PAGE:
In one respect his business furthered the study of geology by taking him over the greater portion of eastern and southern England and a large part of France. In his journeys he acquired the minute topographical knowledge which characterised his geological writings. His holidays were devoted to various special lines of inquiry. The memoir which he wrote for the Geological Society in 1836 on the geology of Coalbrookdale was the fruit of two years’ holiday. It at once placed him in the high position which he held in British science to the end. Of his many contributions to geology it is not possible here to write in detail, but there is one which ought not to be passed over-his share in establishing the antiquity of man upon its present scientific basis.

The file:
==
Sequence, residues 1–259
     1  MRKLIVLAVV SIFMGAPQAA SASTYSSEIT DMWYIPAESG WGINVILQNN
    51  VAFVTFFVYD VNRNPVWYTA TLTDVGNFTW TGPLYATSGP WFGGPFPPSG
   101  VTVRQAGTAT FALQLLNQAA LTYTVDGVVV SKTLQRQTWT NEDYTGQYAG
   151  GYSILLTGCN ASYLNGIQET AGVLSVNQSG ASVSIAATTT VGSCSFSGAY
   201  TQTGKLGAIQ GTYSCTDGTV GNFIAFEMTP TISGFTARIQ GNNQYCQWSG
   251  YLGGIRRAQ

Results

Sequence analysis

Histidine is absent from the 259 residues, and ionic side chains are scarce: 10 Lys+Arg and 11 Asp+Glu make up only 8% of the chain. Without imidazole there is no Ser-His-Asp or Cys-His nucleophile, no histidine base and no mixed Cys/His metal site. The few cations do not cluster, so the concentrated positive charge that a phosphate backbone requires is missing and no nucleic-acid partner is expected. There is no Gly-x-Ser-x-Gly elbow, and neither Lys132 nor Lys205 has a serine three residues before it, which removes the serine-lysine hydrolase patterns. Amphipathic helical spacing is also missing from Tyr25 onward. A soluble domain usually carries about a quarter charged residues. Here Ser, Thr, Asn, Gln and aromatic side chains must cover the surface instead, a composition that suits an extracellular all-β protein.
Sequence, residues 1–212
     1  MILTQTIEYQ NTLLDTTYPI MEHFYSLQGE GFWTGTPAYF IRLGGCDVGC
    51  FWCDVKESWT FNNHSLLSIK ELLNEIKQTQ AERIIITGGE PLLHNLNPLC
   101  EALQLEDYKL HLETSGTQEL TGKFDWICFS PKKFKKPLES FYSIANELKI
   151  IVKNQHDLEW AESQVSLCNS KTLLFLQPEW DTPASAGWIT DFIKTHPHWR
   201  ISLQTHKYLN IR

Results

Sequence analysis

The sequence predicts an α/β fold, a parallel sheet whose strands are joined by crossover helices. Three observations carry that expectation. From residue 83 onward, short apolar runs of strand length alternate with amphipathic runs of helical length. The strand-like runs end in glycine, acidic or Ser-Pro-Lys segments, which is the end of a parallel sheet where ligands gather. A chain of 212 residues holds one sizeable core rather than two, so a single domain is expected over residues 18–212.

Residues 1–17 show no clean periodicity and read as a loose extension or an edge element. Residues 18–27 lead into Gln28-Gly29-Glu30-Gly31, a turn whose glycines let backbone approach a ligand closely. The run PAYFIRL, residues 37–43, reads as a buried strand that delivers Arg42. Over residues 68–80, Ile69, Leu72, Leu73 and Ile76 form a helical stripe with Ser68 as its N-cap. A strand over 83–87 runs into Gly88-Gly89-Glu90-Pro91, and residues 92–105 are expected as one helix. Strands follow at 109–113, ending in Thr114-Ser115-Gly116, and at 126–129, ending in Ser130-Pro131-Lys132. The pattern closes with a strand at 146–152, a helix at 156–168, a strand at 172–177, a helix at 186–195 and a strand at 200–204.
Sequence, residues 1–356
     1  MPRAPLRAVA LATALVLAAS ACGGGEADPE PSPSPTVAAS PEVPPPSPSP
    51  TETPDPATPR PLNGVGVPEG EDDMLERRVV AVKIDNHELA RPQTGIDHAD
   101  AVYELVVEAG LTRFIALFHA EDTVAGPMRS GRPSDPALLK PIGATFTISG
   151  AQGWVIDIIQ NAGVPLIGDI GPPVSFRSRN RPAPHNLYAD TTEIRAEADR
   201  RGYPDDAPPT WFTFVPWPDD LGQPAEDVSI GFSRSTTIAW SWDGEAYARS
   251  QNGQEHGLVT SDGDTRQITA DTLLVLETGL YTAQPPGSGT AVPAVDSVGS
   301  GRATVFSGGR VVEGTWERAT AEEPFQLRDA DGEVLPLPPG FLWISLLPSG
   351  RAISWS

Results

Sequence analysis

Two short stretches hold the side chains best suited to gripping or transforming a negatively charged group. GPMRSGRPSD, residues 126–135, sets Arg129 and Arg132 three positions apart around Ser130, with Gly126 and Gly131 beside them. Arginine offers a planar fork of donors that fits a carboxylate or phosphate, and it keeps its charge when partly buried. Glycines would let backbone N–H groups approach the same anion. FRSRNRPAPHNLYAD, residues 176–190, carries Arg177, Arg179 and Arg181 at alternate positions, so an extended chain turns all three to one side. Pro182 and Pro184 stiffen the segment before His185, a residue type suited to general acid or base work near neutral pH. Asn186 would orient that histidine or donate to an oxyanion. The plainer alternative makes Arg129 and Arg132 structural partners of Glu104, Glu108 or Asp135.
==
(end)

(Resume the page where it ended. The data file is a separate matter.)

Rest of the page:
In 1847 Boucher de Perthes had announced the discovery that man was living in the valley of the Somme at the same time as the mammoth and rhinoceros, and that the fauna belonged to the period now known as Pleistocene. In Britain similar discoveries had been made by the Rev. J. MacEnery in Kent’s Cavern, near Torquay, in 1825-30, and these were verified by Godwin-Austen in 1840 and six years afterwards by the Torquay Natural History Society. They were, however, received with incredulity by the scientific world, both of France and England, until the exploration of Brixham Cave in 1858, carried out by a Committee of the Royal and Geological Societies, of which Prestwich was one of the prominent members. In conjunction with Mr. John (now Sir John) Evans he examined the evidence offered by the valley gravels of the Somme and of South-Eastern England, with the result that the contemporaneous existence of man with the mammoth and other Pleistocene mammalia was fully established by the year 1860, and the antiquity of man became one of the most interesting questions of the day.